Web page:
The flags of the countries of the world are all unique and beautiful in their own ways. While an outsider might just look at the colors and designs in an artistic way, those who live under that flag know how it represents their country’s history, natural environment, and people. Flags evoke powerful emotions for the people of a country: sometimes uniting them, sometimes dividing them.
In this article, in a purely unscientific, subjective way, we’ve just chosen a selection of flags that have beautiful colors and unique design elements. Consider it just an appetizer of all the gorgeous flags there are in the world. Check out the link at the end of this article to see all the world’s flags and see if you agree with our selections for the most beautiful and unique flag designs.
The Bahamas is a nation of gorgeous Caribbean islands located southeast of Florida. A former British colony, the country gained its independence in 1973. The flag of Bahamas includes a black triangle and two broad bands of teal with a golden band between them. It represents the Afro-Caribbean heritage of the population, the Caribbean Sea and the Atlantic Ocean; and the sun, sand, and beaches that make this country such a popular tourist destination. The design is simple and meaningful, and the color scheme is unique among the flags of the world. That’s why it made our list.
Bosnia and Herzegovina
The flag of Bosnia and Herzegovina includes a yellow triangle based on the top of the flag with its point facing down. This divides the flag into two royal blue fields with a border of white five-pointed stars arranged in a diagonal line along the hypotenuse of the triangle. Unusually, the stars at the top and bottom are cut in half by the edge of the flag. Blue and white point to the country’s involvement in the Council of Europe, while the triangle suggests the country’s three nationalities: Croats, Serbs, and Bosnians. It was adopted in 1998, several years after the country declared independence from Yugoslavia. Why did we pick it for our list? Because of its modern design, complementary colors, and minimalist aesthetic.
Brazil has one of the most unique and immediately recognizable flags in the world. Designed by a professor, several astronomers, and a painter, the flag features a celestial globe showing the night sky, with every star representing a Brazilian state. The globe sits on a yellow diamond representing the country’s mineral wealth, centered on a green field that stands for the rainforest. A ribbon around the globe has the inscription “Ordem e Progresso,” which means “Order and Progress.” The colors of Brazil’s flag are striking and unique. Its design is simple and recognizable from a distance but has details that bring even more meaning to those who look more closely. We had to have it for our list!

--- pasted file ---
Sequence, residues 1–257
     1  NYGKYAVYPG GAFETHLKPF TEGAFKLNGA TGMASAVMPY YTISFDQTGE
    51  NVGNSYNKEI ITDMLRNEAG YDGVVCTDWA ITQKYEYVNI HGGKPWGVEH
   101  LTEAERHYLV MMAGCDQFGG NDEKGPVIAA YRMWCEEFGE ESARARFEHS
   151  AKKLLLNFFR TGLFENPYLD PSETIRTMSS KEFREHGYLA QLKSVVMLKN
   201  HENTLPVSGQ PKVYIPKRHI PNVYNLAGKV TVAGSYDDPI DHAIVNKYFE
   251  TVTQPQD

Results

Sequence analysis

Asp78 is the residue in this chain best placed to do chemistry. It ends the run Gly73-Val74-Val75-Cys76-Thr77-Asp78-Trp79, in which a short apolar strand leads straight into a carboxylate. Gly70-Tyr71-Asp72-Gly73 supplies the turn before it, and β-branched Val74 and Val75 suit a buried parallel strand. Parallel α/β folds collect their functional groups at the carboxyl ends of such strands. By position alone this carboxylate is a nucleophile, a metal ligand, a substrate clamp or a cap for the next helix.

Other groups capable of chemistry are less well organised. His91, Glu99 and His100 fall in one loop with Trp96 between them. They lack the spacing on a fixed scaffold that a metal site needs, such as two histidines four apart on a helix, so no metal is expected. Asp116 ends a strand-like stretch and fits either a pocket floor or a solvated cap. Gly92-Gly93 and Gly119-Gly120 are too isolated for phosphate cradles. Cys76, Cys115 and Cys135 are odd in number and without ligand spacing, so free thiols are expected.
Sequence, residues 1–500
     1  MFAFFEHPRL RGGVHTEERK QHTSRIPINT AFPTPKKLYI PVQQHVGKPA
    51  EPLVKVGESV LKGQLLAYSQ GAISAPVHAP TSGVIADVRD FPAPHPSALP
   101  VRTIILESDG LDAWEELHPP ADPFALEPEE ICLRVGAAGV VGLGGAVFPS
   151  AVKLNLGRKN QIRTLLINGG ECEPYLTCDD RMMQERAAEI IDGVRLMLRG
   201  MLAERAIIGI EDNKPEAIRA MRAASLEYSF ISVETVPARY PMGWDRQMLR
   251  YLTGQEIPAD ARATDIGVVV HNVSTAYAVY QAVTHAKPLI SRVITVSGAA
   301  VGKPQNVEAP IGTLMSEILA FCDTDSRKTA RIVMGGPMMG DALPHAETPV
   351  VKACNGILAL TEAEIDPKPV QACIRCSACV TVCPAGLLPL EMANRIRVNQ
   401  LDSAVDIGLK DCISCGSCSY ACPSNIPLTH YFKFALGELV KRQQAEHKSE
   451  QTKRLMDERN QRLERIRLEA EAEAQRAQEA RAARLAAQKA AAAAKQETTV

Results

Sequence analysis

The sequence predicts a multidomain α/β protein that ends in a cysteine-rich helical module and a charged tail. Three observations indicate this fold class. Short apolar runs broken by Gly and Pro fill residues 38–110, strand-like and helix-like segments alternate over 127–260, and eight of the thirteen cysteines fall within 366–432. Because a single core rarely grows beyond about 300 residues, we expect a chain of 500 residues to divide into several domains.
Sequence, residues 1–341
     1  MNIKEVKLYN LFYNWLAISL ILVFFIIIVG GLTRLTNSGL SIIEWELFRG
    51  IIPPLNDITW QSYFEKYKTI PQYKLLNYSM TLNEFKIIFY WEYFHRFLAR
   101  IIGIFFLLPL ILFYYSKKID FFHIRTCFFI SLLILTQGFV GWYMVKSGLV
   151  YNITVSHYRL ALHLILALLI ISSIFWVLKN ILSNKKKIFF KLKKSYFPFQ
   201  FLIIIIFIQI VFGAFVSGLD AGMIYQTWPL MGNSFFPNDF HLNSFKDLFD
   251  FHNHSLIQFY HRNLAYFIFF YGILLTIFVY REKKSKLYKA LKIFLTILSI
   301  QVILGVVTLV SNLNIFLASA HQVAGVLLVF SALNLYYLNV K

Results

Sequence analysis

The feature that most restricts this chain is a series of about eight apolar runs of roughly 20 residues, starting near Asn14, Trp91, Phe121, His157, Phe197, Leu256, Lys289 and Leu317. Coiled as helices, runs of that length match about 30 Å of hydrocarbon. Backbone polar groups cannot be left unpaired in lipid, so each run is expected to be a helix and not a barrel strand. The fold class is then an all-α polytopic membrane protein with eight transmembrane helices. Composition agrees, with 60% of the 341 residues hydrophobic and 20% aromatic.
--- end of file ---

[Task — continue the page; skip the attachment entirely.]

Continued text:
Canada’s flag makes the list for its elegant red maple leaf design, centered on a white field balanced by red vertical bars on the hoist and fly ends. This simple design carries a great deal of meaning, however. The colors red and white were taken from the St. George’s cross flag, which was planted in Canada by the British explorer John Cabot in 1497. The modern flag is not intended to be colonial, however. The inclusion of a maple leaf looks to the natural environment and the fact that not only is maple syrup a quintessential modern Canadian product, but First Nations people used maple sap centuries before Europeans arrived. The red maple leaf was also a popular Canadian symbol for athletes and soldiers in both World Wars. So while Canada’s current flag has flown only since 1965, it reminds us of the long history of Canadian people of all backgrounds.
Cape Verde is a nation of islands off the west coast of Africa that were uninhabited when discovered by the Portuguese in the 15th century. They were settled and colonized by Portugal until they achieved independence in 1975. Their current flag is a royal blue field bisected by a horizontal red line bordered by two white lines to the bottom of center. Superimposed on the hoist side of center is a circle of 10 yellow stars. Blue stands for the ocean and sky, and the stripes represent the country’s progress. The stars stand for the 10 islands in the archipelago, arranged in a circle to represent their unity. The whole effect looks a little like a present with a ribbon and bow that looks too nice to unwrap. It’s truly a stylish and eye-catching design.
Central African Republic